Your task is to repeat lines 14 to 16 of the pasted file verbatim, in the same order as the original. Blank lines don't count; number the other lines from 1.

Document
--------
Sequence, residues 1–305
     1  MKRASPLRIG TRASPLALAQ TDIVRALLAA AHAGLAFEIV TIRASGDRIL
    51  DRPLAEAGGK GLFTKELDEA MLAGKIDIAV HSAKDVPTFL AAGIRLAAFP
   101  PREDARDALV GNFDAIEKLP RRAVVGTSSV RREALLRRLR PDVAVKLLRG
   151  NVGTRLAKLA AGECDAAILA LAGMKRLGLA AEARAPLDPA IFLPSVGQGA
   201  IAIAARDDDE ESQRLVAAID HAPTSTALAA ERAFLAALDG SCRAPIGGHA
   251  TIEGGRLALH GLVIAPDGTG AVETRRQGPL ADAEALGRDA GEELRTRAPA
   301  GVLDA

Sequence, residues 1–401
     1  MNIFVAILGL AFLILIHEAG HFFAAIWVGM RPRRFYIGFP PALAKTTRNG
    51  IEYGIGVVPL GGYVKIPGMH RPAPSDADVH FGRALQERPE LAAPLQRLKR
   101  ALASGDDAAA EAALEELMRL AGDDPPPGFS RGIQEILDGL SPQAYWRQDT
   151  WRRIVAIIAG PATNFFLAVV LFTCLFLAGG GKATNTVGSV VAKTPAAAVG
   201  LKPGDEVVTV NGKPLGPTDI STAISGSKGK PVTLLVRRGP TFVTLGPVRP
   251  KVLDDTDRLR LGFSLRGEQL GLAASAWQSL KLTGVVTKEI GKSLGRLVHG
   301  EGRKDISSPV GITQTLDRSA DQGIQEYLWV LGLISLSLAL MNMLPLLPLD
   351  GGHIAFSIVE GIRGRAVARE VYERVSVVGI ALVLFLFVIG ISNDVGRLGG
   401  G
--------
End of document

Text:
   201  LKPGDEVVTV NGKPLGPTDI STAISGSKGK PVTLLVRRGP TFVTLGPVRP
   251  KVLDDTDRLR LGFSLRGEQL GLAASAWQSL KLTGVVTKEI GKSLGRLVHG
   301  EGRKDISSPV GITQTLDRSA DQGIQEYLWV LGLISLSLAL MNMLPLLPLD